SHREDDED METAL

EMBELLISHING ARPEGGIOS

In metal guitar playing, sweep picked arpeggios are mainly played as simple major or minor triads (1-3-5 and 1-b3-5 respectively). While this can sound cool, it can also sound quite cool to extend these basic triads by adding in additional notes. This can help to create some more complex and interesting ideas. For this article I’d like to show you an easy way of doing this. Another thing to consider when sweep picking arpeggios is that quite often they are simply played straight up and down. While this definitely has its place, after a while, sweeping up and down arpeggios is going to sound quite monotonous. The second part of this article will focus on some different ways of breaking up arpeggios to create some more exciting and musical sounds.

EXERCISE 1

If you’ve been following these columns over the years, the following three shapes for sweep picking minor triad arpeggios should be familiar to you. The key here is that the three shapes are diatonic to the key of E minor (Em-Am-Bm = Im-IVm-Vm). Since the A minor and B minor chords are diatonic to the key of E minor, this means that you can simply combine parts of these shapes together to create extended arpeggios. Even if you’re not sure what the final arpeggio/chord  actually is (or what it would be called), just use your ears – if it sounds good then it is good!  

Hear Exercise 1



EXERCISE 2

The first lick utilises this concept by starting off with an E minor arpeggio and then switching to the top part of an A minor arpeggio at the third string. This adds in the extra notes of A and C to the original E minor arpeggio. If we were to analyse this, it could be considered Am9/E. The second arpeggio once again starts off with the notes of E minor (E-G-B) before switching to a B minor arpeggio shape. Along with an additional pull-off on the first string, by combining the Em and Bm shapes this perfectly spells out an Em9 arpeggio (1-b3-5-7-9). Try combining some of the other diatonic chords of the key together and see what licks you can come up with (in this case, the chords are: Em-F#dim-G-Am-Bm-C-D).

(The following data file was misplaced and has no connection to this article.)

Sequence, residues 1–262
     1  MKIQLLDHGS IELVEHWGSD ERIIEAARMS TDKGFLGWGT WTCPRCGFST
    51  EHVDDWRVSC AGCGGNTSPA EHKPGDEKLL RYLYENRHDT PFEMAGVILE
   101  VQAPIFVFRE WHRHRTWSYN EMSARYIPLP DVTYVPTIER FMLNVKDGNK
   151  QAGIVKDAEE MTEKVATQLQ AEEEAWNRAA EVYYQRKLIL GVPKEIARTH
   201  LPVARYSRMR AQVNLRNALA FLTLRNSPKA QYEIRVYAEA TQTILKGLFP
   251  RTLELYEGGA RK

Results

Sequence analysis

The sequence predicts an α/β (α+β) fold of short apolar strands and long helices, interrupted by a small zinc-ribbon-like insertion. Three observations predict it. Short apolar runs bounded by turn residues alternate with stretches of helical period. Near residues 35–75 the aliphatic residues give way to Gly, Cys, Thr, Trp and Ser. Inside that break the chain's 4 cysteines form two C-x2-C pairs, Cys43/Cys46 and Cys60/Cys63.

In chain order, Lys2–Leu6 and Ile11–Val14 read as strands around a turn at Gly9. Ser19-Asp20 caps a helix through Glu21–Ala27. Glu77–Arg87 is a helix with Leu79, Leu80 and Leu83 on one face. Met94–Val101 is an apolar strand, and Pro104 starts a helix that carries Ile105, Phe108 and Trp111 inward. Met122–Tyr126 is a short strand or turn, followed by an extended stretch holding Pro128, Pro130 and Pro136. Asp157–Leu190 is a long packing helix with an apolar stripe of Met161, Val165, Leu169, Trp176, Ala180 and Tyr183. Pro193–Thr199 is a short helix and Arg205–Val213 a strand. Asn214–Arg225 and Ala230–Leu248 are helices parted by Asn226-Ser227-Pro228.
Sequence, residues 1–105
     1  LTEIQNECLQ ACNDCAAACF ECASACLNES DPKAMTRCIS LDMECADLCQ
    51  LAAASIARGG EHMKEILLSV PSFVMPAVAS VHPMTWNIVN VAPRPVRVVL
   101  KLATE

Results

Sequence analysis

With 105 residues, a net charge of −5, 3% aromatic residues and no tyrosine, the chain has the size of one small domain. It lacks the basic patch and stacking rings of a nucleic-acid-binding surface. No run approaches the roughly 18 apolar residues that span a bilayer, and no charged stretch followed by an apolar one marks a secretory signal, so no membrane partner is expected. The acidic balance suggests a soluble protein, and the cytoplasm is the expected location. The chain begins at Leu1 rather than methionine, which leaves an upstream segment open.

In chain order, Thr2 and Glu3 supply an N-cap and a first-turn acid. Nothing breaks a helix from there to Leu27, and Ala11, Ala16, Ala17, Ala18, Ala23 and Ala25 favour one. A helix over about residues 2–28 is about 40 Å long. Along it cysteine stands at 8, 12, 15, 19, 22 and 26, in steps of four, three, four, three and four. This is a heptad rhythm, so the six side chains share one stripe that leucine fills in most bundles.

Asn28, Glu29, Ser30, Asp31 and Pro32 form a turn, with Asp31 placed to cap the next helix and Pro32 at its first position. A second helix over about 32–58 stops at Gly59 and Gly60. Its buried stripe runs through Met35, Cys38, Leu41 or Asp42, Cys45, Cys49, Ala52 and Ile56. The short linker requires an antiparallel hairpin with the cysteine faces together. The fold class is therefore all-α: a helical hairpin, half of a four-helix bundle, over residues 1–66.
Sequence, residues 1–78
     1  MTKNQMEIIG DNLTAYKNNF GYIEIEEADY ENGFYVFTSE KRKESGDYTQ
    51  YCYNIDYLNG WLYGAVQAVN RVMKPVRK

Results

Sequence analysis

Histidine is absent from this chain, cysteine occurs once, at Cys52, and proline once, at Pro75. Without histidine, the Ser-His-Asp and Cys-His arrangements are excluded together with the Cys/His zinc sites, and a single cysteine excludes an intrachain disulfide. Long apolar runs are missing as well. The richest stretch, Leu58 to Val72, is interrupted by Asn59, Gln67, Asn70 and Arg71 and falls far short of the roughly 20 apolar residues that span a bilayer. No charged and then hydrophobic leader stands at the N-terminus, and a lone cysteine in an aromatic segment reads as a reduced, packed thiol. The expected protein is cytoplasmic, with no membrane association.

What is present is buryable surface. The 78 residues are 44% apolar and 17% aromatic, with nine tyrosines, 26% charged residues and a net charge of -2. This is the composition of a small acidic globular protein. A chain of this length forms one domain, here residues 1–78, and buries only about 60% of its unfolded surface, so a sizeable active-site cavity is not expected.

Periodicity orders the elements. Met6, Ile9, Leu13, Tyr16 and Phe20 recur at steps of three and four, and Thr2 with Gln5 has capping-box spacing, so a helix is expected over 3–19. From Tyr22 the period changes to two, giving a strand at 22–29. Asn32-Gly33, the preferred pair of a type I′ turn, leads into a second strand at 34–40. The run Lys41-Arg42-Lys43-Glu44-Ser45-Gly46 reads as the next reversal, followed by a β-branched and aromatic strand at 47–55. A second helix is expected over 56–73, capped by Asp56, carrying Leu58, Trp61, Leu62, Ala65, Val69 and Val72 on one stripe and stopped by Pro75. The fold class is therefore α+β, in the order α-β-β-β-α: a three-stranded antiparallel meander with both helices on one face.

Hear Exercise 2



EXERCISE 3

Rather than simply going straight up and down, this lick loops through a small D major triad (the VII chord in Em) via hammer-ons/pull-offs, before continuing through an Am7 arpeggio on the first three strings. We could analyse this as being Am13/E.  Looping smaller arpeggios within the larger one is a great way to break things up.

Hear Exercise 3



EXERCISE 4

This lick combines the Emin and Bmin shapes, but adds in the small Dmaj triad on the way up and down. This creates an Em11 arpeggio. I hope you will agree that it sounds much more interesting than just simply ascending and descending.

Hear Exercise 4



EXERCISE 5

In the style of the great Marty Friedman, this lick adds in even more variations on the way up and back down. The addition of a C# means that this creates an Em13 arpeggio. Practice this slowly and pay particular attention to the picking.

Hear Exercise 5



There are countless ways to play arpeggios besides the standard of just sweeping up and down triads. I hope these examples inspire you to come up with some cool ideas of your own.

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